Mature paddlefish can weigh over 100 pounds and measure six to seven feet in length.

One man’s fish eggs are another man’s caviar. At Lake of the Ozarks and in other Missouri lakes and rivers, a man can catch both in one fish, the humble paddlefish, prized for its game-fish fight, for its taste, and its curious, inexplicable habit of leaping out of the water in the spring. Mature paddlefish can weigh over 100 pounds and measure six to seven feet in length, and in Missouri, the 2019 spring paddlefish season is near. Running March 15 through April 30, the daily limit is two paddlefish with a minimum length of 34 inches measuring from eye to the notch in the tail. 

These fish have no bony skeleton relying on cartilage for internal structure. They also have a long nostrum or protrusion making up one third of their body length. This structure aids in location of its main food source: microscopic creatures and larvae, strained from the water as they swim with mouth open. Unlike other fish, paddlefish do not eat bugs and bait fish; thus normal fishing lures do not work.

Snagging is the only method. A short, stiff fishing rod, heavy line of 100lb test, and a couple of large treble hooks with a massive lead sinker is the standard fishing rig for success. The weight pulls the line to the bottom while the fisherman sweeps the rod upward rapidly in hopes of snagging a nearby paddlefish. Fish locators on the boat aid in finding schools of the bottom dwellers. 

Native to our rivers with water temperatures between 52 and 60 degrees flowing at the correct speed over rocky, shallow stream beds at just the right depth trigger the paddlefish spawning season. Damming a river to impound water alters the required conditions for normal spawning, reducing the numbers of these fish. The popularity of sport fishing for the paddlefish has also contributed to a declining population.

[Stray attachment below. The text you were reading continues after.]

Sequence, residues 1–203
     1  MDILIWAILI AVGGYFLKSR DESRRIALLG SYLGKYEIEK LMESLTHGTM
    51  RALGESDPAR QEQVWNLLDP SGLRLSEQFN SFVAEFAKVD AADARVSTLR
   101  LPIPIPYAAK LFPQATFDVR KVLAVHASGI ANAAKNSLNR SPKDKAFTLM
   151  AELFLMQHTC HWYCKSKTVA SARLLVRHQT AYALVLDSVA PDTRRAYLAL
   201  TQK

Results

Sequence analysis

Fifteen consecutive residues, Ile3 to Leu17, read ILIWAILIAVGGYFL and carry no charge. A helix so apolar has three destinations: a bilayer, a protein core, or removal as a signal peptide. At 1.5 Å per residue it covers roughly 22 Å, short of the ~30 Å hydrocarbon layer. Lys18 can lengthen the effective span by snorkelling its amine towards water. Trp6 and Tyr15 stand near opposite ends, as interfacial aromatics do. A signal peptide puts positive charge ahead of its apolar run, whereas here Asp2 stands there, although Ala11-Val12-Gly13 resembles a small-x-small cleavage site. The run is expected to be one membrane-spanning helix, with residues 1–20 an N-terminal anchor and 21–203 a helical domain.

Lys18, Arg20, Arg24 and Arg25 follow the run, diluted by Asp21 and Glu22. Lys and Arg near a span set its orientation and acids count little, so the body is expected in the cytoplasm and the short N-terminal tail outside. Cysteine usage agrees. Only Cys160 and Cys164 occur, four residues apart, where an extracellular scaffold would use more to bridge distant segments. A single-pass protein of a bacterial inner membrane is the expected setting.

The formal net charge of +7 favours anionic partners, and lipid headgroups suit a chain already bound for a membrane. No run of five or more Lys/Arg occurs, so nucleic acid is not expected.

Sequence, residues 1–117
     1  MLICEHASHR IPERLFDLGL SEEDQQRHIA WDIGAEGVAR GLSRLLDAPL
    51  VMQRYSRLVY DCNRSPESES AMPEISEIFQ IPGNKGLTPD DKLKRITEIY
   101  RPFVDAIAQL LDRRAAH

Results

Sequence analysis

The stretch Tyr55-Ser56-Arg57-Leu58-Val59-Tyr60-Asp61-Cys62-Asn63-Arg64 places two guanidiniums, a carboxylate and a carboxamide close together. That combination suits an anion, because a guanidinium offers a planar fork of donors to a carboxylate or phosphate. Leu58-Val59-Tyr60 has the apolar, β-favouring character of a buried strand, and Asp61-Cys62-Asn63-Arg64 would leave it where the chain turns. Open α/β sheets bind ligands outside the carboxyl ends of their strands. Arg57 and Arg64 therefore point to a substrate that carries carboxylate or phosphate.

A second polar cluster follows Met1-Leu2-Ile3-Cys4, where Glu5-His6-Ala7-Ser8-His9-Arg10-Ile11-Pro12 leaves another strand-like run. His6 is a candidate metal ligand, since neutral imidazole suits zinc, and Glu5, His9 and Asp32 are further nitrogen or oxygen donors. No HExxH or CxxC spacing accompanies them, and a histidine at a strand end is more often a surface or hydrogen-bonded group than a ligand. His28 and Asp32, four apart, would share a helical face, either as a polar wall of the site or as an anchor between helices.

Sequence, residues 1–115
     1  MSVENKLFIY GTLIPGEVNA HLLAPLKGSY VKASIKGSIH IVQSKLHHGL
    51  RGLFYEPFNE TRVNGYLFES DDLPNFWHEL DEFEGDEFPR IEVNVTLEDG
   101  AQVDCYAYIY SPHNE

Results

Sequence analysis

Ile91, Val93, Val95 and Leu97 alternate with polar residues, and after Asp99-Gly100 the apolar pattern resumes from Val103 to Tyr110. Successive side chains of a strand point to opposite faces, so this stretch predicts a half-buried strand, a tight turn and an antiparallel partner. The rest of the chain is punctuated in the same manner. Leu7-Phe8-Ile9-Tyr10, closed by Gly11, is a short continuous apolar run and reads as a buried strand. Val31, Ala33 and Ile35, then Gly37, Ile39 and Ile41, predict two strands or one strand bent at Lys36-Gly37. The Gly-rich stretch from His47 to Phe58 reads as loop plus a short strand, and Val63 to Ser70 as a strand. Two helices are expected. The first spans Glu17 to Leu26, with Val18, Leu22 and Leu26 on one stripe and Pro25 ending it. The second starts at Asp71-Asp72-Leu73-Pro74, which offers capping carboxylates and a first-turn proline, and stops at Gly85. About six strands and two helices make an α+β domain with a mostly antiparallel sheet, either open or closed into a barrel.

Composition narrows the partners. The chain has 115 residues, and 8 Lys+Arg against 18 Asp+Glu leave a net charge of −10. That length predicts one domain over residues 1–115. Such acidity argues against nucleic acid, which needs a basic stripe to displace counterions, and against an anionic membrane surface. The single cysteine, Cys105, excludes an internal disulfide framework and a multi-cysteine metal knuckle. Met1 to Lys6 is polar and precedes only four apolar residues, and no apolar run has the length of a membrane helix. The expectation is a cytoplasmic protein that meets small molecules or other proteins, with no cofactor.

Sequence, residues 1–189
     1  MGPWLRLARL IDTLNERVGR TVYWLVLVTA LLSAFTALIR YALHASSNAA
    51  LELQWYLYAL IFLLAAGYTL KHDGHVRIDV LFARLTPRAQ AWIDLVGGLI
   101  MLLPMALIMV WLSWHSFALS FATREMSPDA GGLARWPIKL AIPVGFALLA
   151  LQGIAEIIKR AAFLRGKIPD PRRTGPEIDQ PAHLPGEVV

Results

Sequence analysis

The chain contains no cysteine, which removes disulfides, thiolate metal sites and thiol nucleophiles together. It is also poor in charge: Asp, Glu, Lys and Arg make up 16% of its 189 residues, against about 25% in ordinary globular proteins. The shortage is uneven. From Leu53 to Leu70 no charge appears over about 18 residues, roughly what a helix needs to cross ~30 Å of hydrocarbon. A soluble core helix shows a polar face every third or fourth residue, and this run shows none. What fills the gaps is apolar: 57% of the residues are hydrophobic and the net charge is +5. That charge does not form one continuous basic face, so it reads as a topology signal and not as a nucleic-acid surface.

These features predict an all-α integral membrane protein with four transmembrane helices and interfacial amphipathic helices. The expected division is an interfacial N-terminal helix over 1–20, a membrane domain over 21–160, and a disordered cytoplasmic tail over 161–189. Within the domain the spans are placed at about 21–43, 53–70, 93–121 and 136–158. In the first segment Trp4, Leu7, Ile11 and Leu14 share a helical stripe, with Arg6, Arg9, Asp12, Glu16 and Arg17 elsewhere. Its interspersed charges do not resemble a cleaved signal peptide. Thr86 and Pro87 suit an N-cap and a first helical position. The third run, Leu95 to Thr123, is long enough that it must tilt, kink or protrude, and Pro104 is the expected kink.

Greg Stoner, Fisheries management Biologist with MCD, sums up the history of paddlefish challenges to paddlefish as follows: “Over the years, paddlefish in Missouri have faced a number of threats to their survival.  During the 1900’s, reservoir construction blocked access to their historic spawning habitats.  As a result the fishery rapidly started to decline.  In the early 1980’s, MDC biologists learned how to rear paddlefish in a hatchery setting.  Without these hatchery produced fish, the paddlefish fishery in Lake of the Ozarks that we enjoy today would be distant memory.  More recently, illegal harvest of paddlefish for the black market caviar industry has become a threat to the fishery.”

The roe or eggs of the paddlefish are prized as an extremely tasty caviar. Over fishing Beluga Sturgeon created a market for an alternative caviar source, and Missouri is helping to fill the need. However, fresh water Missouri roe are strictly regulated. It is illegal to remove or possess the eggs of a paddlefish on the waters or along the banks of the river or lake where the fish was harvested. It is not illegal for the fisherman to remove the eggs at home for his own use. 

According to federal law contained in the Lacey Act, first enacted in 1900, it is illegal to buy, sell, or transport for resale to another state, the eggs of the Missouri paddlefish. The only Missouri waters where commercial harvest is allowed is the Mississippi River. Costs of the several different required commercial permits are around $1,000 for resident operators and near $7,000 for non-residents. The high cost of legal, commercial roe harvest and the decline of traditional roe sources has created a climate conducive to poaching paddlefish for eggs.

In 2011 and 2012, a combined undercover operation by the Missouri Department of Conservation (MDC), U.S. Fish and Wildlife, and conservation agents from other states netted the largest illegal commercial paddlefish egg operation ever conducted. The case resulted in over 100 individuals being charged with a variety of both state and federal crimes. A phone call alerted the MDC officials that persons in the Warsaw area were acquiring paddlefish and removing the eggs for shipment to other states as well as locations overseas.  Because one mature female may contain up to 20 pounds of eggs, black-market paddlefish caviar can bring up to $13 an ounce making the value of one female as much as $4,000 in illicit eggs.